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  Books   15 Oct 2023  How the PM, PMO Decide on Finance Ministry Affairs

How the PM, PMO Decide on Finance Ministry Affairs

Published : Oct 15, 2023, 2:29 am IST
Updated : Oct 15, 2023, 2:29 am IST

As a bureaucrat, Subhash Chandra Garg adopts the view of the government

Coverpage of 'We Also Make Policy: An Insider’s Account of How the Finance Ministry Functions'.
 Coverpage of 'We Also Make Policy: An Insider’s Account of How the Finance Ministry Functions'.

This is an insider’s account and it is quite a bit about how the ministry functions. And it is much less about policy because there is not much debate about the pros and cons of a policy. As a bureaucrat, Subhash Chandra Garg adopts the view of the government. As an insider’s account, he reveals quite a lot than many other bureaucrats in similar accounts have done. He shows for the first time, how
personalities play a role, and how the interaction between people is what makes for the day-to-day functioning, how the pet beliefs and peeves of the players come into play.

And he does not confine himself to writing about interactions and reactions of fellow-bureaucrats. He talks about Prime Minister Narendra Modi, former finance minister Arun Jaitley, finance minister Nirmala Sitharaman, former principal secretary in the Prime Minister’s Office (PMO) Nripendra Mishra, former Reserve
Bank of India governor Urjit Patel and former chief economic adviser Arvind Subramanian, their attitudes, gestures, reactions. At a time when it seemed impossible to know the tenor of the Modi government, he records the actual timbre of the participants. He records without rancour the negative responses, and without much self-congratulation the positive gestures. It rises above the
level of gossip because of this bureaucratic objectivity.

Garg was the secretary of economic affairs in the ministry of finance for two years, from 2017 to 2019, and he served under three finance ministers, Jaitley, Sitharaman and Piyush Goyal. He got along the best with Jaitley and he says that Jaitley allowed the officers to do their job. He did not at all get along well with Sitharaman, but he recognises her strong points, and he takes her dislike of
him and her belligerence towards which forced him to opt for voluntary retirement — he thanks her for this because it opened up his new career as a writer — in an objective fashion. And he is candid that he would not have liked to work with Piyush Goyal as a finance minister. His interactions with Prime Minister Modi moved along a fluctuating graph, where it started off with sarcasm for those
Indian bureaucrats who went on deputation to places like World Bank as Garg did — he was called back before his time was up — to one of trust for a while when Modi shared with him his priorities for the finance ministry was to promote digital payments and to shift the financial year to the calendar year, that is from January to December. He says that Modi turned cold in his interaction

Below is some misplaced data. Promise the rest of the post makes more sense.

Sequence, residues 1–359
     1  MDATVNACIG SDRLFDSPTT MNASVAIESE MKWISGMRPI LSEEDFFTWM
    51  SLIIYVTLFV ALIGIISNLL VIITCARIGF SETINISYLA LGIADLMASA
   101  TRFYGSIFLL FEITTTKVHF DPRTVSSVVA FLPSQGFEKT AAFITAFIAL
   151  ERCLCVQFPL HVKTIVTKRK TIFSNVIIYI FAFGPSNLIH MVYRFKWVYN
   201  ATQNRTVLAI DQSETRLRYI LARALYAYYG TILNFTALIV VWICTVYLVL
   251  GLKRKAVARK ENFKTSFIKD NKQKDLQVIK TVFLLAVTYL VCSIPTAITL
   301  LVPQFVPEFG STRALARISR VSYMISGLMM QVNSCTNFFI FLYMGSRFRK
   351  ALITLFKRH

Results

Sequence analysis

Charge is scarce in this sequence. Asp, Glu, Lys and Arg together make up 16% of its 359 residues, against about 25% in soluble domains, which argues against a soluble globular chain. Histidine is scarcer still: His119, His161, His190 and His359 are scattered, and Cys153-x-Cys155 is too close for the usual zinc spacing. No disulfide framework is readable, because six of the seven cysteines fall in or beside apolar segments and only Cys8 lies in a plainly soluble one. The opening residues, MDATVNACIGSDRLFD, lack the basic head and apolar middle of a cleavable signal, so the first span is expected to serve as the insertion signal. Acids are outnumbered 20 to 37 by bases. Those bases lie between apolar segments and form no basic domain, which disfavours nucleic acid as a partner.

with him from the beginning of 2019, and Sitharaman took over as finance minister after the Lok Sabha election. Garg is not too elated when the Prime Minister took him into confidence at the beginning, nor does complain that the Prime Minister had turned cold. But the fact that he states things as they are is a radical departure from the regular memoir of a bureaucrat.

Garg describes the denouement of his exit from the finance ministry. He writes, “For the first time, I was overtly told by Nripendra Mishra, ‘The Prime Minister is unhappy with you. The finance minister (Piyush Goyal) is unhappy with you. Subhash, you are not in tune with the thinking of the government.’” This was before the interim budget for 2019-20 was presented. And additional
principal secretary P.K. Mishra told him on July 18, 2019: “Subhash, you are a brilliant, hardworking, competent and a very committed officer, but you would need to be shifted from the finance ministry. The finance minister has met the Prime Minister a few times and has continuously complained against you. We cannot change the finance minister. Therefore, you will have to make

It is but natural that there should be friction among the many people in the government. No big organisation, especially the government, can work smoothly. But not many have noted it with the care that Garg has done in this book. And this is only a small part of what is happening inside the big machine that government is. What is interesting is that Garg does not point an accusing finger at any of them.

The one peculiarity that emerges from the story of inter-personal relations is that the ministers are seen complaining to the Prime Minister — in this case Goyal and Sitharaman complaining to Modi — and the diktat of the PMO on what should go into the Budget speech. Modi is a hands-on Prime Minister no doubt, and this has been evident through the nine years he has been in power. What
was lacking till now is the evidence. Garg has provided some of it.

We Also Make Policy: An Insider’s Account of How the Finance Ministry Functions

By Subhash Chandra Garg
pp. 491; Rs 799

Tags: subhash chandra garg
Location: India, Telangana, Hyderabad